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Top tips:

  1. Treat pruritis if it is impairing quality of life or sleep.
  2. Identify additional contributing factors (i.e. extrahepatic biliary obstruction, non-liver causes).
  3. Monitor with validated itch scores.
  4. Non-pharmacological management should be attempted in all patients.
  5. If localized, consider additional topical therapies.
  6. If generalized, systemic treatment may be beneficial.

Check out the bottom of the page for a short video from Dr. Patel!

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Step 1: Assess and treat possible contributing factors

Confirm the diagnosis of cholestatic pruritis

Liver causes:
  • Consider the etiology of cholestasis with referral made to relevant specialties as required (e.g. Gastroenterology for extrahepatic biliary obstruction, Hepatology for primary biliary cholangitis).
  • Cirrhosis related cholestasis can also cause pruritus.
  • Characteristics of cholestasis associated pruritus: the intensity does not correlate with the severity of underlying liver disease; it has diurnal variation – worse itch in the late evening ; scratching often has little effect on the itch.
Non-liver causes:
  • Dermatological: xerosis, drug hypersensitivities, allergies, infestations, contact dermatitis
  • Systemic: drug induced, uremia, hypercalcemia, hematologic malignancies- more common in Hodgkin’s lymphoma, multiple myeloma, polycythemia vera
Step 2: Consider Non-Pharmacological Management

Non-pharmacological measures should be attempted in all patients prior to considering pharmacological therapy.

Good skin care and moisturizers are considered first line treatment.
Some general principles to follow:<
  • Baths are better than showers (daily in lukewarm water for at least 15 minutes)
  • Avoid harsh soaps, body washes, bubble baths, etc. Try gentle, lightweight cleansers (eg. Cerave, Cetaphil- both glycerin based), and only apply to limited areas such as the axilla and the groin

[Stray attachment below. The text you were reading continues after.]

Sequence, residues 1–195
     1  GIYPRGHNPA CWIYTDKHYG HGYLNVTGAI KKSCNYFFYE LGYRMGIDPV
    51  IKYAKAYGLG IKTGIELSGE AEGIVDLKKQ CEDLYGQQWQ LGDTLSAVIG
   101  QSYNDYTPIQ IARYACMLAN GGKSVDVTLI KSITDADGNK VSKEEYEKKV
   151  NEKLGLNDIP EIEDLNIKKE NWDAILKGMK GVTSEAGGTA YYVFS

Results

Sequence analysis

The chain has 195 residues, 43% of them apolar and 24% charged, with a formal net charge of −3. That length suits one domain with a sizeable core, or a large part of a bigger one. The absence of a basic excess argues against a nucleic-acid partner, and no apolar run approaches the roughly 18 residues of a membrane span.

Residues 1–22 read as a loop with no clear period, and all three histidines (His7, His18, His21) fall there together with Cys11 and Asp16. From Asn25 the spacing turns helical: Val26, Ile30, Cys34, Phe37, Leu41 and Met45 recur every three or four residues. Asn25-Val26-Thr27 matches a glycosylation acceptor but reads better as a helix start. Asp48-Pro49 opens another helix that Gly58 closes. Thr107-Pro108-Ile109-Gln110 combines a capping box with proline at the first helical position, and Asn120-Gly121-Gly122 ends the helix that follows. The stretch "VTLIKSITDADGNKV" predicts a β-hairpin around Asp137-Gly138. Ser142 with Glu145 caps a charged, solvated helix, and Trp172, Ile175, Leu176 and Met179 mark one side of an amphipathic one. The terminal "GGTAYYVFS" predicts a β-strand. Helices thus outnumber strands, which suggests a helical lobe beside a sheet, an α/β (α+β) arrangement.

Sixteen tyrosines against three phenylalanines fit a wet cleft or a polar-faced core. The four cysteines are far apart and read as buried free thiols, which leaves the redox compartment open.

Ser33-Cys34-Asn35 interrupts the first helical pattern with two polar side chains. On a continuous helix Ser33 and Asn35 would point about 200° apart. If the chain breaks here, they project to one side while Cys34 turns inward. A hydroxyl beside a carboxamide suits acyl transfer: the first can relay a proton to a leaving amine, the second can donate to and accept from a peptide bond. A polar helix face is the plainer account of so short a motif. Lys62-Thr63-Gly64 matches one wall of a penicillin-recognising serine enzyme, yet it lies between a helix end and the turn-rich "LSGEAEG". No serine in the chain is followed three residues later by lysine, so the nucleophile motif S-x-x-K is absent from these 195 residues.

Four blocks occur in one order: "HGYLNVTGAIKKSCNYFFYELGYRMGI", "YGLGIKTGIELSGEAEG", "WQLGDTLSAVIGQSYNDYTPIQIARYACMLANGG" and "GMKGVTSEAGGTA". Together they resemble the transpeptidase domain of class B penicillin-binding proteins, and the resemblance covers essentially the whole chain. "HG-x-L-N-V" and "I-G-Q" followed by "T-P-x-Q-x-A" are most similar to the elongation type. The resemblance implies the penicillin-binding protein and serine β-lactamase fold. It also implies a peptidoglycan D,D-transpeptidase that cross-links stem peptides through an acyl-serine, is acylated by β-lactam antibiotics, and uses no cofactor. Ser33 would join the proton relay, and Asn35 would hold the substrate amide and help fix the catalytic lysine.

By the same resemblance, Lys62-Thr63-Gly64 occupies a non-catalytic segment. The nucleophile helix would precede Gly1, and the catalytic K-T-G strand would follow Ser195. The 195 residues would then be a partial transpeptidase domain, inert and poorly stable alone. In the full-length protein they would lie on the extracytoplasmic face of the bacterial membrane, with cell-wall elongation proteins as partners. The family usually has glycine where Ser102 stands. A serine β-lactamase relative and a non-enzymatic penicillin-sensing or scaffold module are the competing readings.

• Post bath: pat dry and moisturize skin within two minutes of getting out. Skin will still be damp. Ideally use hypoallergenic moisturizers with ceramides (eg. Cerave) that are free from fragrance and additives. Do not use the moisturizers on areas of broken skin.
  • Topical baby oil up to three times a week has shown positive effects on itching, sleep and overall quality of life.
Other skin care strategies include the following:
  • Keep skin cool by wearing light and cool clothing.
  • Keep skin cool by wearing light and cool clothing.
  • Keep skin cool by wearing light and cool clothing.
  • Avoid scratching – keep fingernails short, encourage massaging rather than scratching, wear gloves at night
  • Maintain a humid home environment, especially in the winter

See: Itch Patient Handout (in Development)

Step 3: If pruritis persists AND is LOCALIZED , can consider topical pharmacological treatment
Over-the-counter creams
  • Benadryl cream, Calamine lotion, Aveeno lotion with oatmeal
  • Gold Bond Medicated Anti-Itch products (OTC) – contain pramoxine, dimethicone, menthol
  • Pramox HC (hydrocortisone 1%/pramoxine 1%) – apply two times a day for 4 weeks
Capsaicin 0.025% cream
  • Can be applied 2-4 times a day to affected areas
  • It may initially cause a burning sensation to the area
Menthol, Camphor and Phenol
(Must be compounded by pharmacy)

  • Separate products that can be added to most creams, typically in the range of 0.3-1.0%
  • All three may be added together, commonly with a 0.3% concentration for each, applied 1-2 times daily
Step 4: If pruritis persists despite topical therapies OR if pruritis is GENERALIZED,
consider systemic therapies

Note - Antihistamines have not been systematically evaluated in cirrhosis.

They may have a non-specific anti-pruritic effect and can be useful adjunctive therapy for some patients. Given their sedating properties they should be administered at nighttime if used. They can worsen hepatic encephalopathy.

If used, hydroxyzine is used more commonly than Benadryl – start low and titrate to effect.

Medication: Recommended Dose Additional information


4g PO before and after breakfast with additional doses at lunch and dinner PRN